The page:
Subclass 300 – Prospective Marriage Visa Australia

The Prospective Marriage Visa (subclass 300) is for people who are looking to enter Australia and marry their prospective partner. The visa is a temporary visa, and once married will enable you to apply for the Partner (subclasses 820 & 801) visa in Australia.

You and your partner must get married within 9 months of arriving in Australia and this period begins on the day your Prospective Marriage Visa is granted.

Main Requirements Of The Subclass 300 Visa

It is a requirement of the Prospective Marriage Visa (subclass 300) that a Notice of Intent to Marry is provided with the application.

Further to having a genuine intent to get married when the visa is granted, the application must show evidence that you are in a genuine and continuing relationship with your partner.

Condition 8519 specifies that the visa holder must marry within nine months of being granted the visa. This means that once you or your partner arrives in Australia you must get legally married within 9 months.

Schedule a Consultation with Ethos Migration Lawyers for a Comprehensive Prospective Marriage Visa Assessment

How To Apply For The Prospective Marriage Visa (Subclass 300), And The Benefits Of The Visa

The applicant for a Prospective Marriage Visa (subclass 300) must be sponsored by an Australian citizen or permanent resident with whom they are in a relationship. The application must be made from outside of Australia, and the applicant must be outside of Australia when the visa is ready to be granted.

The Prospective Marriage Visa (subclass 300) is a more favourable option for people that are in a relationship with a person from overseas but do not have enough evidence to lodge a Partner visa application.

This is partly due to the fact the legislative requirements of being in a de-facto relationship prior to lodging the application are not as stringent as those of the Partner visa. An applicant will need to provide a Notice of Intent to Marry (NOIM) with their application, in addition to their genuine relationship evidence to be considered for the visa grant.

In some cases, applicants who are outside of Australia, apply for a Prospective Marriage Visa (subclass 300) then apply for a Visitor (subclass 600) visa to visit Australia during the processing time. It is important to note, however, the applicant must be outside of Australia for the visa to be granted.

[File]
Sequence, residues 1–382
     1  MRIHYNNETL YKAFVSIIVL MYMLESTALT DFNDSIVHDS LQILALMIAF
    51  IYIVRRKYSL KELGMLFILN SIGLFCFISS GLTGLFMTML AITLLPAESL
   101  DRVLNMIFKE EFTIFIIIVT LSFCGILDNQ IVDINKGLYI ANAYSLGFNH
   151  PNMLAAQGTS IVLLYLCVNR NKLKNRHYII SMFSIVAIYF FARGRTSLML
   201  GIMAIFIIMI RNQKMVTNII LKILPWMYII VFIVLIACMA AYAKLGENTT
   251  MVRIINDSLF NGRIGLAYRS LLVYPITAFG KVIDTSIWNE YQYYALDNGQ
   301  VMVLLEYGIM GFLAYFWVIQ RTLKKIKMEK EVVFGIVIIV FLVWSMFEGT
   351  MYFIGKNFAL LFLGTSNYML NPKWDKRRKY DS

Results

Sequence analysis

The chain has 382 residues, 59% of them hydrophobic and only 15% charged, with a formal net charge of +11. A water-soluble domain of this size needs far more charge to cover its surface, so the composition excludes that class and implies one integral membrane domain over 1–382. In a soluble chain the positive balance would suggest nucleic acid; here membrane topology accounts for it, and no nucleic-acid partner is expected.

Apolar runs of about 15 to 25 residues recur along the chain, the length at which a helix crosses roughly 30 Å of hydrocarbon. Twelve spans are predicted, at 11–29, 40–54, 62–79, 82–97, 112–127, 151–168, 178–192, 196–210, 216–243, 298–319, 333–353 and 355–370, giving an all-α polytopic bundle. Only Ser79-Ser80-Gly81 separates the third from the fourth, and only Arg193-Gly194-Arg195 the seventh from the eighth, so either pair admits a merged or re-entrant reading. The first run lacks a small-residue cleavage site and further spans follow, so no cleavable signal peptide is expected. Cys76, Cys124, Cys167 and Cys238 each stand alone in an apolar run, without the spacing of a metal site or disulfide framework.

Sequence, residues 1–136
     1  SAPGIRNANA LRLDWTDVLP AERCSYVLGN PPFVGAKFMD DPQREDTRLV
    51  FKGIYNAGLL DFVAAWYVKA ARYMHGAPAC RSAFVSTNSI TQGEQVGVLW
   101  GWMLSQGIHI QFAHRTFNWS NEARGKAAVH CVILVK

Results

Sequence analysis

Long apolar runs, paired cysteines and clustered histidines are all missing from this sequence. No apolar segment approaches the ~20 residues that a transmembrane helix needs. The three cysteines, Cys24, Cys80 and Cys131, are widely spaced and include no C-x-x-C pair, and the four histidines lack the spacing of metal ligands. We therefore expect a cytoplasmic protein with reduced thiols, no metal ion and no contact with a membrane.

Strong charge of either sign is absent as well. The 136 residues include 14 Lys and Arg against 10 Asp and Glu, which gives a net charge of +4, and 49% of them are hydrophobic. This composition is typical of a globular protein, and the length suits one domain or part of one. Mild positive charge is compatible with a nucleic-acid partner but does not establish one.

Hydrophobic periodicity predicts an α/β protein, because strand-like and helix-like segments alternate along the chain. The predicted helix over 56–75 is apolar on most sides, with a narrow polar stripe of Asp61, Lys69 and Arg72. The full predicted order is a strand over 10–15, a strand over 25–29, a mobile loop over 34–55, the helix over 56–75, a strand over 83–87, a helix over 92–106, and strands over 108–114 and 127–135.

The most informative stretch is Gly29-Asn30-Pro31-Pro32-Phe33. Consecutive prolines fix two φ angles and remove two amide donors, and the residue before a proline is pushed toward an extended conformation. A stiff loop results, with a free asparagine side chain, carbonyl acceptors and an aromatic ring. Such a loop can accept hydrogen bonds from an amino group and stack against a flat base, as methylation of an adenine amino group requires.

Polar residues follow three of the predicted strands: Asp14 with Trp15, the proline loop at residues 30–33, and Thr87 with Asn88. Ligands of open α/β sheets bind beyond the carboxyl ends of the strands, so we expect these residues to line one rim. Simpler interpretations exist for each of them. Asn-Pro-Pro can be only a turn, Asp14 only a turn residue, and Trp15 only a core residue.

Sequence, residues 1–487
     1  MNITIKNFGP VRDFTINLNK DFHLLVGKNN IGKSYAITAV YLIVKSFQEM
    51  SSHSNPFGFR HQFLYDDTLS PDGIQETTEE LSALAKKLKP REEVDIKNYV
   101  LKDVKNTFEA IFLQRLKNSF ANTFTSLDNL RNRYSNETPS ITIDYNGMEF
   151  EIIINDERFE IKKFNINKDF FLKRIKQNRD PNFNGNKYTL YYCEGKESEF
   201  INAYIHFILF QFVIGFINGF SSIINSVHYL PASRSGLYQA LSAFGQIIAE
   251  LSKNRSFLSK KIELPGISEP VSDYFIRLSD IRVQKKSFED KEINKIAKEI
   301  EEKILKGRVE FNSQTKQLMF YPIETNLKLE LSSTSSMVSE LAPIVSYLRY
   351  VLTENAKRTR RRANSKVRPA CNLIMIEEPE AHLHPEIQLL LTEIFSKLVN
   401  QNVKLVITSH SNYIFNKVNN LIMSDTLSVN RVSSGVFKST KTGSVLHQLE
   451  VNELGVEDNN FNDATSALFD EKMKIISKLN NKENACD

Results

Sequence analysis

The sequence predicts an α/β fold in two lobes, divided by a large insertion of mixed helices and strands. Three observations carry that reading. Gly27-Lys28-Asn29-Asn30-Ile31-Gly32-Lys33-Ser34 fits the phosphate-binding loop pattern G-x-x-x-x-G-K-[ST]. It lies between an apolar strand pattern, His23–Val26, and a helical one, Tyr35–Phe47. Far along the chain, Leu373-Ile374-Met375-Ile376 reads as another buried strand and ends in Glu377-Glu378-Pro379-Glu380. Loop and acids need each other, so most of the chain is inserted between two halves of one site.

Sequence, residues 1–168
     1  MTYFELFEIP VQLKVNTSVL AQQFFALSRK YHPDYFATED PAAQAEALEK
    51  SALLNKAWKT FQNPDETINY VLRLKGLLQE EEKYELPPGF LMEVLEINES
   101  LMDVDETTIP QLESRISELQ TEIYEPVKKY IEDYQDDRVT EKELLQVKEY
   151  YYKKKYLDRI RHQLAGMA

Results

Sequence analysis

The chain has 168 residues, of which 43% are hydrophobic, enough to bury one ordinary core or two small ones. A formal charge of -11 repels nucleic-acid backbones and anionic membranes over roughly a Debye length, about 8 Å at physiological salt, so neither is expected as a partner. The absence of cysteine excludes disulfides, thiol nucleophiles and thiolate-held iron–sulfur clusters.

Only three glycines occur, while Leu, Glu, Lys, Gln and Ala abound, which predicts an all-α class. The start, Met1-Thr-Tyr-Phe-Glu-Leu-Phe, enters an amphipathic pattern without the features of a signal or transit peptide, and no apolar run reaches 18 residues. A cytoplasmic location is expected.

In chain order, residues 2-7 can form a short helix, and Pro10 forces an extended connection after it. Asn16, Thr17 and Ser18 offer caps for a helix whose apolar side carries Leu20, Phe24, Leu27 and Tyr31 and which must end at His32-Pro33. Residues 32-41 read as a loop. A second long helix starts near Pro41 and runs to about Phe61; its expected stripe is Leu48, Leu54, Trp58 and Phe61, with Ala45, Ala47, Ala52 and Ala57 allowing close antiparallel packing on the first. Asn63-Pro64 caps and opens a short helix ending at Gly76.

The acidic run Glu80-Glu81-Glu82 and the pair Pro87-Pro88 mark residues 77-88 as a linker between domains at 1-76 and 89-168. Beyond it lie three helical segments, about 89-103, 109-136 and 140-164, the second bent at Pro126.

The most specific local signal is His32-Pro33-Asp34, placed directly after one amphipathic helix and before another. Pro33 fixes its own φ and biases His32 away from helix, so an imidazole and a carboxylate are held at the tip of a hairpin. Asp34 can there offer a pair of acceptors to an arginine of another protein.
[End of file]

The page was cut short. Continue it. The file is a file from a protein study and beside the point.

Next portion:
Once the visa has been granted, the applicant will have 9 months to enter Australia and get married to their partner. The marriage does not need to take place in Australia and can occur anywhere as long as it is a valid legal marriage in that country.

The applicant will then be required to make an application for the Partner (subclasses 820 & 801) visa prior to the visa expiry at a reduced visa application charge. The applicant will still, however, be required to wait out the two-year period from the date the Partner (subclass 820) visa is lodged, until it is granted.

Next Steps In Obtaining A Prospective Marriage Visa (Subclass 300)

If you are considering lodging a Prospective Marriage Visa (subclass 300) application or would like to further discuss your options please contact us on 1300 083 843, via email at info@ethosmigration.com.au or by making an online enquiry.

Prospective Marriage Visa Frequently Asked Questions

The processing time for a Prospective Marriage Visa (subclass 300) can be quite lengthy. Roughly 75% of applicants experience a processing time of 26 months.

The Department of Home Affairs fees for a Prospective Marriage Visa (subclass 300) is currently AUD $7,850.00.

If you wish to travel to Australia while your Prospective Marriage Visa (subclass 300) is processing, you will need to apply for an applicable alternative visa.

Once your Prospective Marriage Visa (subclass 300) has been approved, you must enter Australia by the date specified in your visa grant letter. After you have entered, you must comply with your visa conditions and marry your partner before the visa expires in order to be able to apply for the next step, being the Partner (subclass 820 and 801) visa.

If your Prospective Marriage Visa has not been approved, the Department of Home Affairs will provide you with reasons as to why it has been refused and also if you have the right to a review of the decision.

The Prospective Marriage Visa (subclass 300) will allow you to stay in Australia for nine months to enable you to marry your partner.

Your Prospective Marriage Visa (subclass 300) cannot be extended, nor can you be granted a further one. If you and your partner are looking to stay in Australia long term, you should apply for the Partner (subclass 820 and 801) visa once you have been married.

Australia recognises same-sex couples on the same level as heterosexual couples, and both have equal rights in Australia. You can apply for both the Prospective Marriage Visa (subclass 300) and subsequent Partner (subclasses 820 and 801) visa if you are in a same-sex relationship.

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